"Liberation is impossible if we fail to see ourselves in more positive terms. For without a change of vision, we are slaves to the oppressor's ideas and values --ideas and values that finally attack the very core of our existence. Therefore, we must see the world in terms of our own realities."

Larry Neal, "Black Art and Black Liberation," 1969

Conceived as the "aesthetic and spirtitual sister of the Black Power Concept," the Black Arts Movement (BAM) arose in the mid-1960s to develop a body of art that would provide "a change of vision" in the perception of African American identity. Like the New Negro Movement of the 1910s and 1920s, BAM, spanning a period from the mid-1960s into the 1970s, was a flourishing of artistic endeavor among African American writers, poets, playwrights, musicians, and visual artists who believed that artistic production could be the key to revising stereotypes of African American inferiority and sub-humanity --stereotypes that lay at the heart of American racism. As African American writer James Baldwin noted in the 1920s, "no people that has ever produced great literature and art has ever been looked [upon] as distinctly inferior." United in this belief, a number of African American artists sought to rekindle the efforts of their 'New Negro' predecessors during the modern civil rights movement.

Yet, despite the homage artists associated with BAM would pay to 'New Negro' writers like Langston Hughes or cultural theorists like Alain Locke, the "Black Power Concept" to which the artistic movement was aligned structured a departure from the agenda of African American artists of the early twentieth-century. Rather than creating artwork that would encourage white America to look upon African Americans more positively, BAM artists were exclusively intereseted in improving black Americans' perception of themselves. The call for Black Power, first issued as a challenge and later as a rejection of integrationist aims, arose in the mid-1960s with the belief that African Americans and black peoples living abroad would never be liberated from a racist society if they did not address internalized assumptions of inferiority. Advancing African American liberation through self-determinacy and, in time, Black Nationalism, the "Black Power Concept" directed African Americans to seperate from mainstream (understood as white) society to determine "who are black people, what are black people, and what is their relationship to America and the rest of the world."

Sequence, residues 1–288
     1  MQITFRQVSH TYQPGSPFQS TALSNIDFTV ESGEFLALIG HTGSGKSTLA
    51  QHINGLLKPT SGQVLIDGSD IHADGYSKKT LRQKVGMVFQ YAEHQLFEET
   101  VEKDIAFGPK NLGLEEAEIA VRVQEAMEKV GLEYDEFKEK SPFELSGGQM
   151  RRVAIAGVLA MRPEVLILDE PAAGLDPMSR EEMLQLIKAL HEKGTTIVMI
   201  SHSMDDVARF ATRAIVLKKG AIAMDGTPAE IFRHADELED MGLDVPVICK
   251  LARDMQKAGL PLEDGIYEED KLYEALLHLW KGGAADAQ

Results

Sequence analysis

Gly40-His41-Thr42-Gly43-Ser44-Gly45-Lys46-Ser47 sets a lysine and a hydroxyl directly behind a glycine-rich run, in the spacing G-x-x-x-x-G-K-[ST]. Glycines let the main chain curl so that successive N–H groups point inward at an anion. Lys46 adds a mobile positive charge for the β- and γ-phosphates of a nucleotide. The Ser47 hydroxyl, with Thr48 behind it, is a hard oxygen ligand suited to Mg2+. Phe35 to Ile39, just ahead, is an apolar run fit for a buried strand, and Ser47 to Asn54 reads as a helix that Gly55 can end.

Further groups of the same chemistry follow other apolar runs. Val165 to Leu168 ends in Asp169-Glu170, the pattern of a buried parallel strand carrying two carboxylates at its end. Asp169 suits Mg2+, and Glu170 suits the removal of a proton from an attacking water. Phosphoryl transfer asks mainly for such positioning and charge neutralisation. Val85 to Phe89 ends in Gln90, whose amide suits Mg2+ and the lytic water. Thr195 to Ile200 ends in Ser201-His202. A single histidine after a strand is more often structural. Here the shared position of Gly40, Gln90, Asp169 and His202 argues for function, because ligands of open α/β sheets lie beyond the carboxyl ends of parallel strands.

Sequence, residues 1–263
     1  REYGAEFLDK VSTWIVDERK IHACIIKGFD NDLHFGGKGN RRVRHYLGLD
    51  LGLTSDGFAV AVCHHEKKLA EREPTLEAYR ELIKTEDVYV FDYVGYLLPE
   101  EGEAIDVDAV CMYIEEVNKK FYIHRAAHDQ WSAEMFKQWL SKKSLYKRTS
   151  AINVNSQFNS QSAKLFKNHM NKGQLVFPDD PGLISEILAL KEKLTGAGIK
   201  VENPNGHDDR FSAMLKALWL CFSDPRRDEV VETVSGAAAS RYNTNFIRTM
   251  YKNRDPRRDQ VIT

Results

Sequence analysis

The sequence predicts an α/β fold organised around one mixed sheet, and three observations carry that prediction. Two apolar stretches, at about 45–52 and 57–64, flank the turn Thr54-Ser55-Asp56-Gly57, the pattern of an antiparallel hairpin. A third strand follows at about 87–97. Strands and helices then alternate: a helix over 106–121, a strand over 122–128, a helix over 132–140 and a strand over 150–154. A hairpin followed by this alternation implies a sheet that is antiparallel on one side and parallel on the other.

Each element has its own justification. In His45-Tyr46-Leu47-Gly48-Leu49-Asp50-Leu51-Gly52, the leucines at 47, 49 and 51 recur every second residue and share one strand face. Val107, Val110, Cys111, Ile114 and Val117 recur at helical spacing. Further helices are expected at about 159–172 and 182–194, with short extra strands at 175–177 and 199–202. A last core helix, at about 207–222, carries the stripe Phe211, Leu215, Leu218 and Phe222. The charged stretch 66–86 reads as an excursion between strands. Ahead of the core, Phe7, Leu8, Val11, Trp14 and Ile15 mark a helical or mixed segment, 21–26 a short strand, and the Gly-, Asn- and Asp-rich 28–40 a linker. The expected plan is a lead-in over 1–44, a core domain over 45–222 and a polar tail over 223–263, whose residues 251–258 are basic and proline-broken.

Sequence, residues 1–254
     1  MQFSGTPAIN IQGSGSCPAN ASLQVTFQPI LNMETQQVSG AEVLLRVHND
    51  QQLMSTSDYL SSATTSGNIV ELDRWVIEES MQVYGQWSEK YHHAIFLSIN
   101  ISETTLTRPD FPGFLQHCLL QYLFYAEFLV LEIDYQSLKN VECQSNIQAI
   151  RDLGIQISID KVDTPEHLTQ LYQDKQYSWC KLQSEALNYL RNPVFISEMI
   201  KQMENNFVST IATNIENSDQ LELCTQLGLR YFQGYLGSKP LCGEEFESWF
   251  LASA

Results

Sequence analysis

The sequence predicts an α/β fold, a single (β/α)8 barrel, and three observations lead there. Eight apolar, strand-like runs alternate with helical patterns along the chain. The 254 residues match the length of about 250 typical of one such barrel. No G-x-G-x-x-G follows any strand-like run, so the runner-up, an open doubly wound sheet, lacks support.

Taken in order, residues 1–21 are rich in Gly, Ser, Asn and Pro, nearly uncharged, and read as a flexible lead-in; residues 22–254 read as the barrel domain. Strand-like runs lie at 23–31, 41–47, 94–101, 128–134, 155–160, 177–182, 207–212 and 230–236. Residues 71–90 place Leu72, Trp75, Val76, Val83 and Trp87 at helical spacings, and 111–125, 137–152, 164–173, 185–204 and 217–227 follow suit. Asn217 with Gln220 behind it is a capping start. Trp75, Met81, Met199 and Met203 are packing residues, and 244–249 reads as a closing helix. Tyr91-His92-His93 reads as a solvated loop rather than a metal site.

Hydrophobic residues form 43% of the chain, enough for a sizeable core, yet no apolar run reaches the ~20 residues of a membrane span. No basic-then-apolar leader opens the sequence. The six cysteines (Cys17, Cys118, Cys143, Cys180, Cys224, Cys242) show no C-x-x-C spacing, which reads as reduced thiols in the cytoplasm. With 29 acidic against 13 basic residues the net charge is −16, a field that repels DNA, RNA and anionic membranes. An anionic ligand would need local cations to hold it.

To address these questions, BAM cultural theorists and artists reasoned that a black aesthetic--a distinguishing mark of black culture--was required to help the African American community perceive itself as Black--an appellate that, by the 1960s, would mean not only beautiful, but also pride in the legacy of African American achievement, self-identification with black peoples spread throughout the African diaspora, and an active participation in the sociopolitical upliftment of the black community. Defining "Black" art exclusively as cultural productions that faciliated the Black Power "revolution" in African American self-perception, BAM theorists and adherents directed African American artists to work collectively to develop a black aesthetic for each field of art. Whether the daring juxtapostions of jazz or the biting rhythms of poetry, this black aesthetic was intended to advance the liberation of African American self-perception--black peoples seeing themselves and their world "in terms of their own realties."

This website, Perceptions of Black, is designed as a resource for further study of the cultural and political dynamics of BAM through the lens of African American art's historically "invisible" creators--African American visual artists. These artists, most specifically charged with visualizing an empowered Black identity during BAM, held a unique position in the 1960s art world--one that was, in parts, alitenated from both white and black America. It is from this position that the art of African American visual artists aligned and in opposition to BAM offers particular insight into how perceptions of Black--art and identity--feuls the ongoing debate regarding the placement of African American culture in America.

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